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Personalities of the Buddhist Suttas


[203] At the top, Beggars, of those of my Beggars who has mastered living in the solitude of the forest is Revato Khadiravaniyo (Revata, the Acacia-woodlander).

Revato Khadiravaniyo — Revata, the Acacia-woodlander

DPPN: He was the youngest brother of Sariputta, and a marriage was arranged for him by his mother who was miserable at seeing her children desert her one after another to join the Order, and wished to keep the youngest at home. He was only seven years old, and, on the wedding day, the relations of both bride and bridegroom showered blessings on the couple and said to the bride: 'May you live as long as your grandmother.' Revata asked to see the grandmother, and was shown a woman of one hundred and twenty, decrepit, and showing all the signs of advanced old age. Realizing that his wife would probably share the same fate, he left the bridal procession on some pretext on the way home, and ran away to a place where lived some monks. Sariputta, foreseeing this, had instructed the monks to ordain his brother without reference to his parents, and, when Revata revealed his identity, the monks at once admitted him into the Order.

When Sariputta heard this, he wished to visit his brother, but was persuaded by the Buddha to wait. Revata, after waiting a long time for the visit from Sariputta, obtained from his teachers a formula of meditation and himself set out to see the Buddha. On the way he stopped at a khadiravana (acacia forest) during the rainy season and there won arahantship.

From the Psalms:

Here are incorporated the verses he published during his life in the Order. This is the point of them: When he had won arahantship, he went from time to time with the great Theras, Sariputta and the rest, to visit the Master, and after staying for a while, returned to the Acadia Wood, dwelling in the bliss of fruition won and in the Sublime Moods. And thus he continued till he was an aged man. Going thus one day to visit the Buddha, he stayed not far from Savatthi in a forest. Now the police came round on the track of thieves. The thieves running by the Thera dropped their booty near him and ran. And the police, running up, arrested the Thera, dragged him before the king, and said: 'This, sire, is the thief!' The king [Pasenadi, King of Kosala, whose story can be traced throughout the suttas] had him released, and asked him: 'Has your reverence committed this robbery or not?' Then the Thera, who had never from his birth done anything of the sort, taught the Norm, by way of showing his incapacity for such an act, in these verses: [brackets are translator's]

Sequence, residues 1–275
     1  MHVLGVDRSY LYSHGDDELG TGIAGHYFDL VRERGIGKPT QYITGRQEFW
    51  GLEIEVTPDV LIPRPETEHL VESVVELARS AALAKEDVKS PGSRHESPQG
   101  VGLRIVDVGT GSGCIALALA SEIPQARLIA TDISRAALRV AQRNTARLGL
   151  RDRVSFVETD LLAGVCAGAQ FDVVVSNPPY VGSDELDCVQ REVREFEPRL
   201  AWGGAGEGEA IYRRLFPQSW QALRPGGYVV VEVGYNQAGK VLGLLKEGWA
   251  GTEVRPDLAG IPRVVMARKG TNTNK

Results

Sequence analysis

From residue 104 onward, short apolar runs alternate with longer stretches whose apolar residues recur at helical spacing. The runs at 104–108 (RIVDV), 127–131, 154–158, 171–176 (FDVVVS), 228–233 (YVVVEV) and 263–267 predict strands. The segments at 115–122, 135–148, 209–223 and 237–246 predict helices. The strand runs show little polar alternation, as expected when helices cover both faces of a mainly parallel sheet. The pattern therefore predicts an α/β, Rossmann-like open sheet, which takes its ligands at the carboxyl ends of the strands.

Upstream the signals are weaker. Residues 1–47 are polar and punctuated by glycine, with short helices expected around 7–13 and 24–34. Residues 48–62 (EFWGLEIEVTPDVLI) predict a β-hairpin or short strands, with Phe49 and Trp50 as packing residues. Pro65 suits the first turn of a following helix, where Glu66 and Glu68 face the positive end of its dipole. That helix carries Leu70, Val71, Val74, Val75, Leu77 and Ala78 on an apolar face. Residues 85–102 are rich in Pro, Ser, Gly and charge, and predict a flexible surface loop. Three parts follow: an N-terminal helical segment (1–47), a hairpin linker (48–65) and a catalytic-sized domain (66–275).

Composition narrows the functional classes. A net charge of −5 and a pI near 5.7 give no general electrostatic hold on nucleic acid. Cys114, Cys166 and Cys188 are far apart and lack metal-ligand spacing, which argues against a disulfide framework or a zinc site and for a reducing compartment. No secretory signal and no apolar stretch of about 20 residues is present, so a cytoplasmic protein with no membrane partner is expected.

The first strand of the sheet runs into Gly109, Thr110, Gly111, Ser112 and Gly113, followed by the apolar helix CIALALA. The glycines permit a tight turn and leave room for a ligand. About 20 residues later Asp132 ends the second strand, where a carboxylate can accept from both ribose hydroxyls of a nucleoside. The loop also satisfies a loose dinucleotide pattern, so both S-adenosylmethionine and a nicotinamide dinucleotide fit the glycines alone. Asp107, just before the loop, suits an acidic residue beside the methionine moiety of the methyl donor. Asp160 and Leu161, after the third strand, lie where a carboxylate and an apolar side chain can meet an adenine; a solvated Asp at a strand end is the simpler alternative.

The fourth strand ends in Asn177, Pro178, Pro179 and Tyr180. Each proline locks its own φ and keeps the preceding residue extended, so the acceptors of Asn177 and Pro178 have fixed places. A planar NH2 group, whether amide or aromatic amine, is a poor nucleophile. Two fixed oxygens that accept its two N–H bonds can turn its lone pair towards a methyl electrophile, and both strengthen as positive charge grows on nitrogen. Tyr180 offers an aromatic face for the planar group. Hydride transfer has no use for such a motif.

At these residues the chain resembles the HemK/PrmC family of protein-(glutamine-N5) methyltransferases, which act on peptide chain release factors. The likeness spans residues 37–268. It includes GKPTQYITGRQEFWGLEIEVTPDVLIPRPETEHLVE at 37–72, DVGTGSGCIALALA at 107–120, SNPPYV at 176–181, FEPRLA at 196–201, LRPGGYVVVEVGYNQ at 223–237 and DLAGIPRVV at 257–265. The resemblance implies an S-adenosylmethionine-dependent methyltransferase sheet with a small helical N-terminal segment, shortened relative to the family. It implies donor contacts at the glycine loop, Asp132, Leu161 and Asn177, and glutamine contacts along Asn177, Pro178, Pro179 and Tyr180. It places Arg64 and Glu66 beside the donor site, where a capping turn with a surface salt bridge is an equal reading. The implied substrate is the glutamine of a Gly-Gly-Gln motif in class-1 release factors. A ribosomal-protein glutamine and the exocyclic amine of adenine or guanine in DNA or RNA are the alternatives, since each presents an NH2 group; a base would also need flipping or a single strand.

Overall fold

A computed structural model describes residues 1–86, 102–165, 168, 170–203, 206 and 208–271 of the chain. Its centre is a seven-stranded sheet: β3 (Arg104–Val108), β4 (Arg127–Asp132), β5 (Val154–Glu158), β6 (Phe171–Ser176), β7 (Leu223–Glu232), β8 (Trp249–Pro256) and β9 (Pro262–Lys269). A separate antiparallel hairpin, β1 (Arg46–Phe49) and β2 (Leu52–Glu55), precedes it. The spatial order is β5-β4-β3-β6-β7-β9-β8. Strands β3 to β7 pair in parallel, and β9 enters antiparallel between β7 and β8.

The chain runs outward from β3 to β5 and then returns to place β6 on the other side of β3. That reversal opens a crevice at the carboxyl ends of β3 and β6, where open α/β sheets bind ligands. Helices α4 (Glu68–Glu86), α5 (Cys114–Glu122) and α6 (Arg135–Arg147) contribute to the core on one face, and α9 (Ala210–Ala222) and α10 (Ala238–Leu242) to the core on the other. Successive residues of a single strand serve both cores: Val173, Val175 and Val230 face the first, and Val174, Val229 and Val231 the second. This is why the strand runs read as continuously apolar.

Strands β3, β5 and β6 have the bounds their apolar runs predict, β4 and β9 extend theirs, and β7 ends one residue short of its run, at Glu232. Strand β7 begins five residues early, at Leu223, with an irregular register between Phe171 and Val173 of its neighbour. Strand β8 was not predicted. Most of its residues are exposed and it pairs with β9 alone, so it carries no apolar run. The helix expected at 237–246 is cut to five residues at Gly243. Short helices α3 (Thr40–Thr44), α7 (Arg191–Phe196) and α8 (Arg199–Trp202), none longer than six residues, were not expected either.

Since I went forth from home to homeless life,
Ne'er have I harbored conscious wish or plan
Un-Ariyan or linked with enmity.
Ne'er mine the quest, all this long interval;--
'Let's smite our fellow-creatures, let us slay,
Let them be brought to pain and misery.'
Nay, love I do avow, made infinite,
Well trained, by orderly progression grown,
Even as by the Buddha it is taught.
With all am I a friend, comrade to all,
And to all creatures kind and merciful;
A heart of amity I cultivate,
And ever in good will is my delight.
A heart that cannot drift or fluctuate
I make my joy; the sentiments sublime
That evil men do shun I cultivate.
Whoso hath won to stage of ecstasy
Beyond attention's range of flitting sense,
He, follower of the Enlightened One Supreme,
To Ariyan silence straightway doth attain.
E'en as a mountain crag unshaken stands
Sure-based, a Brother with illusions gone
Like very mountain stands unwavering.
The man of blameless life, who ever seeks
For what is pure, doth deem some trifling fault,
That is no heavier than the tip of hair,
Weighty as [burden of the gravid] cloud.
E'en as a border city guarded well
Within, without, so guard ye well yourselves.
See that the Moment pass not vainly by
With thought of death I dally not, nor yet
Delight in living. I await the hour
Like any hireling who hath done his task.
With thought of death I dally not, nor yet
Delight in living. I await the hour
With mind discerning and with heedfulness.
The Master hath my fealty and love,
And all the Buddha's bidding hath been done.
Low have I laid the heavy load I bore,
Cause for rebirth is found in me no more.
The Good for which I bade the world farewell,
And left the home to lead the homeless life,
That highest Good have I accomplished,
And every bond and fetter is destroyed.
Work out your good with zeal and earnestness!
This is my [last] commandment unto you.
For lo! Now shall I wholly pass away,
To me comes absolute enfranchisement.

[NOTES: Notice that in the last paragraph the Thera's words are the same as the final words of the Buddha. The final note reads: "The Chronicle relates that he then and there passed away — lit., 'became extinct' — like a flame going out." A note in the DPPN states that he went out in flames.]